Update, 11:57 a.m. PT: A Google representative e-mailed CNET the following statement, from Rachel Whetstone, the company's senior vice president for communications and public policy:

The Journal mischaracterizes what happened and why. We used known Safari functionality to provide features that signed-in Google users had enabled. It's important to stress that these advertising cookies do not collect personal information.
Unlike other major browsers, Apple's Safari browser blocks third-party cookies by default. However, Safari enables many Web features for its users that rely on third parties and third-party cookies, such as "Like" buttons. Last year, we began using this functionality to enable features for signed-in Google users on Safari who had opted to see personalized ads and other content--such as the ability to "+1" things that interest them.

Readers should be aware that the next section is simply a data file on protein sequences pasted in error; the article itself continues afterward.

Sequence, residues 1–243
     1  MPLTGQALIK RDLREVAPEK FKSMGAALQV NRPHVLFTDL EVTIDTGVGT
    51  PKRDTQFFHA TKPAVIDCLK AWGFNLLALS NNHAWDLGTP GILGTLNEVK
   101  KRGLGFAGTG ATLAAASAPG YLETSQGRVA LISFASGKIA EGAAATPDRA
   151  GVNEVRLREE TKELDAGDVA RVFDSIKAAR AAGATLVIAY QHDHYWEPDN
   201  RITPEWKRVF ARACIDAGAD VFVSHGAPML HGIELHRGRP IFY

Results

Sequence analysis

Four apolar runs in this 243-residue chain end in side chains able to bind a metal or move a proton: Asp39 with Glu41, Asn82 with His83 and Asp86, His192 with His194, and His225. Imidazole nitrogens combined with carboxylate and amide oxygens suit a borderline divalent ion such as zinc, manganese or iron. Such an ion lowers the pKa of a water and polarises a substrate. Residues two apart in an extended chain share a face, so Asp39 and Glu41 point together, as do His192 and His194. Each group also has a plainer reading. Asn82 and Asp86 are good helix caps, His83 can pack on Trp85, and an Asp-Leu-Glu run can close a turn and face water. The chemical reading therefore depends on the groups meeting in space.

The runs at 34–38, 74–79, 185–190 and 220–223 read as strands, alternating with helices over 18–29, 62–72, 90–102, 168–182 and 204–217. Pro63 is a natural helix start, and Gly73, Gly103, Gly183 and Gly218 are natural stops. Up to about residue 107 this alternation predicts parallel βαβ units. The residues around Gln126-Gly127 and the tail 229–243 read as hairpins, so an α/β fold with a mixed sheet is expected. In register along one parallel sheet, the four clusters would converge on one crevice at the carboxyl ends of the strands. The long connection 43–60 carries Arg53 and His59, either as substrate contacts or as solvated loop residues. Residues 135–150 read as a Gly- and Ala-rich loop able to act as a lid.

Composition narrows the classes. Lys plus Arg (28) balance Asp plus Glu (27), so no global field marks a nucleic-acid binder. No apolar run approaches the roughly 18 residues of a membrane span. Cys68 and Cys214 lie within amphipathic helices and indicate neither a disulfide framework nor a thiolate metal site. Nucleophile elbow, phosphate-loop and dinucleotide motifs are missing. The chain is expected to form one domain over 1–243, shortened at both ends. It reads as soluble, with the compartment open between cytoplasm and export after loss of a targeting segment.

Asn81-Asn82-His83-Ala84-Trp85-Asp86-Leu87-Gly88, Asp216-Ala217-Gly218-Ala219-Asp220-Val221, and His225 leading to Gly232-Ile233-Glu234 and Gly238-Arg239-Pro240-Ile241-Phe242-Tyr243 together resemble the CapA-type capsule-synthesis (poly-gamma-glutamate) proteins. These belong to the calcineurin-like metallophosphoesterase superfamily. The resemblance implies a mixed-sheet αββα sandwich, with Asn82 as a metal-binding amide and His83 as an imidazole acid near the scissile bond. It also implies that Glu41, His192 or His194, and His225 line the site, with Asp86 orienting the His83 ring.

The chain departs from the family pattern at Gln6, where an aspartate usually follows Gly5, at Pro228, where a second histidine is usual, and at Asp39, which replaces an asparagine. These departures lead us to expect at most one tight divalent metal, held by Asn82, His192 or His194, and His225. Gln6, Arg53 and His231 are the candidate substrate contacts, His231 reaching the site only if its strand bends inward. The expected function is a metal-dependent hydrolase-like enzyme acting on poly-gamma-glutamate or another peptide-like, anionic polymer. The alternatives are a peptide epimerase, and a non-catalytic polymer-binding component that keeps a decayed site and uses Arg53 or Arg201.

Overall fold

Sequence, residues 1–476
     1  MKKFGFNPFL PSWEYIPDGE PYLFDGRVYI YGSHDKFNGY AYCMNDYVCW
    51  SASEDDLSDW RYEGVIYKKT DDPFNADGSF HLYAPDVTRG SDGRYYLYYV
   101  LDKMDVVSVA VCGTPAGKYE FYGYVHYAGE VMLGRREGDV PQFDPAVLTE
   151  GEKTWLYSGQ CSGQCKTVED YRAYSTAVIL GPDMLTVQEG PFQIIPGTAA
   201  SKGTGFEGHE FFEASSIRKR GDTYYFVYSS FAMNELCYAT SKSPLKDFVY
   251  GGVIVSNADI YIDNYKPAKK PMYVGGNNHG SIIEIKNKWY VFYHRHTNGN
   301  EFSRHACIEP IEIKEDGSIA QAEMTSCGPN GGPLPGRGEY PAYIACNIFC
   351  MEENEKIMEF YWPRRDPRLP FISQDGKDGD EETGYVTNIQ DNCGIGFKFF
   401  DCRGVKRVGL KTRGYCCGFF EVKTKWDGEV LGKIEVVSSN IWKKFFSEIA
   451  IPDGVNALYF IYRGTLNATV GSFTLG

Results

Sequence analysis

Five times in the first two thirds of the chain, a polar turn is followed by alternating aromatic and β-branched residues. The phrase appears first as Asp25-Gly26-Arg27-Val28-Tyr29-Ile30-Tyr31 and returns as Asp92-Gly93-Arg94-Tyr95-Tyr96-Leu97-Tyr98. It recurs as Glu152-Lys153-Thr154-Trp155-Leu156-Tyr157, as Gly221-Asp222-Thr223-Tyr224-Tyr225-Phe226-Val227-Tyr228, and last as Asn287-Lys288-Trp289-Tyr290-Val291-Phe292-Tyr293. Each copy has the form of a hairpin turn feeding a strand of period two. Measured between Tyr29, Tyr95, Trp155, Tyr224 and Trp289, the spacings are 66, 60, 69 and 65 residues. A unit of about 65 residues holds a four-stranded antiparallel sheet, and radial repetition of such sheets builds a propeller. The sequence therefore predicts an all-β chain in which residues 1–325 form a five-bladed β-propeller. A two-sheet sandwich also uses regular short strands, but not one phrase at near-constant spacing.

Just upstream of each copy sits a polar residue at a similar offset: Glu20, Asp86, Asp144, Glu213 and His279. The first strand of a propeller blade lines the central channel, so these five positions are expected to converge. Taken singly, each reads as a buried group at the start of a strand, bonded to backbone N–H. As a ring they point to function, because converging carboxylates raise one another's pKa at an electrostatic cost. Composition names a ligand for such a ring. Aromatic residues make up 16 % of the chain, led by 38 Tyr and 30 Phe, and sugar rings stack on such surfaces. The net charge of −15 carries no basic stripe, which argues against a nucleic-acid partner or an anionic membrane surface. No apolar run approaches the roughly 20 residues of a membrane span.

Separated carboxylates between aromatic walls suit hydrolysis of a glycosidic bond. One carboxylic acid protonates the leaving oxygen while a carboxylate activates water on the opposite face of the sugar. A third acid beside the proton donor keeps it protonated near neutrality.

To enable these features, we created a temporary communication link between Safari browsers and Google's servers, so that we could ascertain whether Safari users were also signed into Google, and had opted for this type of personalization. But we designed this so that the information passing between the user's Safari browser and Google's servers was anonymous--effectively creating a barrier between their personal information and the Web content they browse.
However, the Safari browser contained functionality that then enabled other Google advertising cookies to be set on the browser. We didn't anticipate that this would happen, and we have now started removing these advertising cookies from Safari browsers. It's important to stress that, just as on other browsers, these advertising cookies do not collect personal information.